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Why I Look at Functional Ranges

There are two main types of ranges in the field of blood chemistry analysis: a pathological range and a functional range. The pathological range is used to diagnose disease; the functional range is used to assess risk for disease before the disease develops. The references that are provided with laboratory test results are referred to as “the pathological range,” because if the test results are out of range, it usually indicates potential for pathology or disease.


The main different between the functional range and the pathological range is the degree of deviation allowed within their normal ranges. For example the functional range for glucose may be 85 – 100 mg/dl, but the pathological range may be 65-110 mg/dl. Levels above the pathological range may indicate diabetes. Levels above the functional range, but before they reach the extremes of the pathological range, may indicate insulin resistance and a future risk for developing diabetes.

When I have a patient tell me that they have already had their doctor run labs and they are “normal,” I cringe. Rarely are the labs normal from a functional perspective. The pathological lab values provided on the lab results are actually based on a “bell curve analysis” of all the people that have been to the lab over “x” amount of time. If you go to the same lab in two different cities you will find that the reference ranges are actually different. It is important to have a doctor who looks at functional ranges so you are not considered “normal” or “healthy”, because your lab tests fall in the same range as the majority of the sick people that have been to that lab. The sicker the population gets the wider, and less useful the lab reference ranges become.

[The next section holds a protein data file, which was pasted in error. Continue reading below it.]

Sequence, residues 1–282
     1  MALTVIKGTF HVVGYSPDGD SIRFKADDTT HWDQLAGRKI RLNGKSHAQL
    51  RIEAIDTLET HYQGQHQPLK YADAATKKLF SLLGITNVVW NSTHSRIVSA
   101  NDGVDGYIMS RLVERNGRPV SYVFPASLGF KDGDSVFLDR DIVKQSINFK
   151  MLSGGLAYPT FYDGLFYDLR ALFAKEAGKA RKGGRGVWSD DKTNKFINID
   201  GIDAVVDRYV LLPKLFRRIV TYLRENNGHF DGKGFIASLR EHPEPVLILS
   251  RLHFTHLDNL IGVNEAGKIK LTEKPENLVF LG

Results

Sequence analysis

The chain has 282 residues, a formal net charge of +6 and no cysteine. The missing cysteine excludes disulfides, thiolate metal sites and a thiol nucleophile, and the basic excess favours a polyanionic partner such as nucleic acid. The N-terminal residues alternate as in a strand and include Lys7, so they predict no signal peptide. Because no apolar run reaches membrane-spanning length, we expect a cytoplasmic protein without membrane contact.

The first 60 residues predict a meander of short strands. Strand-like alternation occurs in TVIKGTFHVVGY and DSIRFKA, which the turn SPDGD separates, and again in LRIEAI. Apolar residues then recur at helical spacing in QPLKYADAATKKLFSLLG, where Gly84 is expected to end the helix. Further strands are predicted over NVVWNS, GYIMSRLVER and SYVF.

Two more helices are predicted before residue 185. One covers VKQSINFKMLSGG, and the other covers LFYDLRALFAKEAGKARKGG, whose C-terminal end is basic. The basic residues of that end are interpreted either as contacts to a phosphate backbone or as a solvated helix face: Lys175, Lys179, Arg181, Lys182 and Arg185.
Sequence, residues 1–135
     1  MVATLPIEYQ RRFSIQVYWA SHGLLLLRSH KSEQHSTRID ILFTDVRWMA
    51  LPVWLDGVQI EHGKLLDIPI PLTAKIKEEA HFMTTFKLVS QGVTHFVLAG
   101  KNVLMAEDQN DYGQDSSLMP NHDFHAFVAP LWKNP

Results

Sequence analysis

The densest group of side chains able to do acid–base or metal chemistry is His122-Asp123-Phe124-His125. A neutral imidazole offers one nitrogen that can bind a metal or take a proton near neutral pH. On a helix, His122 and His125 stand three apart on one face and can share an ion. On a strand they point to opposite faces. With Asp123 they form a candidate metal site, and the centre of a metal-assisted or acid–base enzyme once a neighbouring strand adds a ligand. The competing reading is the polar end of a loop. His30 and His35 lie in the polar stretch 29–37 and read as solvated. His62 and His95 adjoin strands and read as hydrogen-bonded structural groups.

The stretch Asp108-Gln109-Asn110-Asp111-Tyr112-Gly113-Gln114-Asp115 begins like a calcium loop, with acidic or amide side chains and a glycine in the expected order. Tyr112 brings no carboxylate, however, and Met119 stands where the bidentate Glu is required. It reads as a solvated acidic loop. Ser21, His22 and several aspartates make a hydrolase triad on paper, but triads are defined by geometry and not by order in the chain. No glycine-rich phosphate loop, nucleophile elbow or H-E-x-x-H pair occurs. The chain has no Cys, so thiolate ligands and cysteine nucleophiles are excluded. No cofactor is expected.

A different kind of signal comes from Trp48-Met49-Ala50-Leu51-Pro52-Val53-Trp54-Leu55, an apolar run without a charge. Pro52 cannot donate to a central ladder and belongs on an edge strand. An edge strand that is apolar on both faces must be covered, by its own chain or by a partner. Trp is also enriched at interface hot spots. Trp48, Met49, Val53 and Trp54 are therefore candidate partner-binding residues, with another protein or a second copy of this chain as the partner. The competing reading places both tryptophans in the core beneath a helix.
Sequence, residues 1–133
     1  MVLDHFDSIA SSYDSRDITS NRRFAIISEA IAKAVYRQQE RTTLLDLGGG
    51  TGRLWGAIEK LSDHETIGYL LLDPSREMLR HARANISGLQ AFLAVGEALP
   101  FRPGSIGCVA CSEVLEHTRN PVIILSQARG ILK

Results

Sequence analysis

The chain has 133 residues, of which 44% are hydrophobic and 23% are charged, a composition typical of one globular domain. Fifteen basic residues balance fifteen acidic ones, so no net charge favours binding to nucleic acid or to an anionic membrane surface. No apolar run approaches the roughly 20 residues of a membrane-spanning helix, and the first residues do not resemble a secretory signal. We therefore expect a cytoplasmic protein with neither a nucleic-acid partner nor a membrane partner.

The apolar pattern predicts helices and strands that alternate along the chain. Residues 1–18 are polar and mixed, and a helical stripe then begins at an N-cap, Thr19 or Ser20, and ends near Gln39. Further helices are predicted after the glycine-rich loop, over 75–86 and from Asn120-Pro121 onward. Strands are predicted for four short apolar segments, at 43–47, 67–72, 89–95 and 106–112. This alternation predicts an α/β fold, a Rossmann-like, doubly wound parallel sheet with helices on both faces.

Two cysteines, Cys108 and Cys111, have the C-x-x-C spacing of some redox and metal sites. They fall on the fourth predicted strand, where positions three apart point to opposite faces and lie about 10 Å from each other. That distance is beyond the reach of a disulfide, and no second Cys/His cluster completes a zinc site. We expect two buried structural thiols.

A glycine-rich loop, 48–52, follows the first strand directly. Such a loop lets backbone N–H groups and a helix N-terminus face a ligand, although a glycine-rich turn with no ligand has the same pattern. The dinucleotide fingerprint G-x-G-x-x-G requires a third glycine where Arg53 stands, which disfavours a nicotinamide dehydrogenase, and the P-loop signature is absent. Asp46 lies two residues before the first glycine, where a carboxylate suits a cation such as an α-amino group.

Why Don’t Most Health Care Providers Embrace The Functional Range?

Most health care providers believe that care should only be provided when disease is present. This view is generally formed from conventional medical training which ignores the philosophies of preventative medicine and nutrition. Traditional medical training teaches physicians to evaluate blood chemistry in comparison to ranges that determine pathology. If pathology is not present, the patient is considered “healthy.”

The main difference between health care providers who embrace or reject functional ranges basically boils down to the definition of health. Some healthcare providers define “health” as the absence of disease, and therefore if you are not diseased then you must be “healthy.” Other healthcare providers define “health” as being free of disease but also having adequate energy levels, healthy digestion, ideal physiological function, etc. Dorland’s Medical Dictionary defines health as: “A state of optimal physical, mental, and social well-being, and not merely the absence of disease and infirmity”.

We use the functional range when evaluating our patients. We get incredible results with very difficult cases because we are willing to take a step back and look at the WHOLE person, not just a diagnostic label. When we see shifts out of the functional range we are going to analyze that in conjunction with a detailed history and physical examination. Glancing down at a lab report and saying everything is “normal” because all the values fall within the “pathological reference range,” is lazy and a huge disservice to the patient.

We take a Complete Functional Approach when we see patients. That is why we get results with difficult neurological and endocrine disorders because we don’t look at things in isolation.

Our patients don’t just survive…they THRIVE!!!


Family Focus Wellness Center | (903) 236-6222

Family Focus Wellness Center, Dr. David Adams and staff do not intend to diagnose, treat, cure or prevent any health condition or disease. All advice given is intended for health maintenance only and should not replace or delay the use of traditional medical care. It is imperative that you are under the care of a medical doctor or a doctor licensed to prescribe medication. If you are currently on prescription medication, we ask you not to make any changes or go off these medications without first consulting your prescribing doctor. The statements on this page have not been evaluated by the Food and Drug Administration.